As a result of heightened racial tensions this past summer and as a last attempt to implement E.D.I. training, I co-created a three phase E.D.I. initiative that was set for implementation this past fall. The current Managing Director advised me to position our initiative as a financial incentive as E.D.I. statements had recently become required by state and county granting organizations. He instructed that this would incentivize buy-in from the Executive Director. In response to that approach, the Executive Director approved the initiative.

My co-creator and I began working and almost immediately were met with continuous road blocks from the Executive Team. However, as we entered the approved data collection phase, the Executive Director viewed a meeting on my calendar with a veteran TTC artist to explain our new E.D.I. initiative. In response (and without my consent or knowledge at the time) he logged into my email account and read through my emails. After this final breach of trust and suppression of my efforts to bring equity and inclusion to TTC, I sought outside counsel and delivered a prepared statement to the Executive Team (10/15/2020) detailing the suppressive events of the past two+ years. In the months following this meeting, I faced gaslighting, discrediting, and the deliberate exclusion from senior leader communication. These tactics, used by the Executive Leadership Team, created a hostile work environment for me which halted all hope for successful collaboration.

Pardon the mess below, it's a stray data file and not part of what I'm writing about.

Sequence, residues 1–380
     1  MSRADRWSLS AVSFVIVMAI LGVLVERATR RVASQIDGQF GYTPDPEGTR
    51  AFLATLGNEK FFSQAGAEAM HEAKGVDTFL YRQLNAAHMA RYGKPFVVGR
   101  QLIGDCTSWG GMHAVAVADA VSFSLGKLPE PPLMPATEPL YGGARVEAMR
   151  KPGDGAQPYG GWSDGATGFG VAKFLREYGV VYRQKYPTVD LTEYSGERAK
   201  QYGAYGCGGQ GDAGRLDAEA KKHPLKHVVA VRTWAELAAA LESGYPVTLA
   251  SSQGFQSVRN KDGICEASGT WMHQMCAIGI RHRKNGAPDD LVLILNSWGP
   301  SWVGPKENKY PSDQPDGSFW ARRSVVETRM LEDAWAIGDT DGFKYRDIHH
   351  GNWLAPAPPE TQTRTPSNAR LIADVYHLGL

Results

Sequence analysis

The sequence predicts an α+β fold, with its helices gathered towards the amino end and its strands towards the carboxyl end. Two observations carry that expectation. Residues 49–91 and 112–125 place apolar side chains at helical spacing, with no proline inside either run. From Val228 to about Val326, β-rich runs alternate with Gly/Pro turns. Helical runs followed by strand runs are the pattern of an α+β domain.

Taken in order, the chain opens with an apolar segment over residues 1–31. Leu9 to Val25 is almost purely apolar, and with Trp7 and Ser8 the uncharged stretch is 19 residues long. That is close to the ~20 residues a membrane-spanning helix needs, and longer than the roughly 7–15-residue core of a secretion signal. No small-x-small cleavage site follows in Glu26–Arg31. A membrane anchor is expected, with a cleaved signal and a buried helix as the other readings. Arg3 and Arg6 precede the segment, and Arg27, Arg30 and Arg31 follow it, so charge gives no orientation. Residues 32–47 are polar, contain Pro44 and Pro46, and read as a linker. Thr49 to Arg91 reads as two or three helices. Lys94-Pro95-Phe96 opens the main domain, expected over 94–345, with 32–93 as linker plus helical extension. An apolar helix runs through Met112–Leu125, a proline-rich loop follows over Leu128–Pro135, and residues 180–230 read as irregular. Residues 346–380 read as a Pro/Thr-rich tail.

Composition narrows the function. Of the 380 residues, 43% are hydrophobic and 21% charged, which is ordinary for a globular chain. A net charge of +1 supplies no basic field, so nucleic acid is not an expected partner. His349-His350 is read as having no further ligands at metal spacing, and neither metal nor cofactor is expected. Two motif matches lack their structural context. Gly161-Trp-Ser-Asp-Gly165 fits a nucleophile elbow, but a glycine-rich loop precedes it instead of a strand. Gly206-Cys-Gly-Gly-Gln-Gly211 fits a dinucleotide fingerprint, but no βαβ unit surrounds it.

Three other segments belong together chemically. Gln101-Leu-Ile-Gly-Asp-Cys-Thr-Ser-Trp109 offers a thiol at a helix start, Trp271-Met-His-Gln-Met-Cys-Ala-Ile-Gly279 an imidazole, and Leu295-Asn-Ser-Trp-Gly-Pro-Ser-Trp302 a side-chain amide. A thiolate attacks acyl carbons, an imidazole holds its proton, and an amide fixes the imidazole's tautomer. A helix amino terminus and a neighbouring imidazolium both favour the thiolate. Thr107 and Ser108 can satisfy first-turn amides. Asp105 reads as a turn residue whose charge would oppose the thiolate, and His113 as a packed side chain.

In a last attempt at reconciliation, I requested a private conversation with the Executive Director (11/19/2020). My goal was to forge a healthy path forward by first understanding why I was being met with such resistance and fear. When I posed this question to the Executive Director, he explicitly assured me that he was not acting out of fear, because he and his wife (the Artistic Director) have designed the organization specifically so that they could never be fired.

With no fear of board accountability and an HR reporting system that leads directly back to the Executive Director — I finally accepted that I could no longer hold the Executive Team accountable towards equitable change from within the organization.

Words vs. Actions

On June 4th, 2020, in response to the heightened racial tension over the summer, Transcendence released a public newsletter and social post stating: “This is our commitment today, as Transcendence Theatre Company was founded on the concept of “arts as acts of service” and we are committed to ‘service’ not simply as a word we use, but a value we practice. Please hold us accountable as we are actively listening, learning and consciously taking action, to become a catalyst for change toward a more equitable and just world.”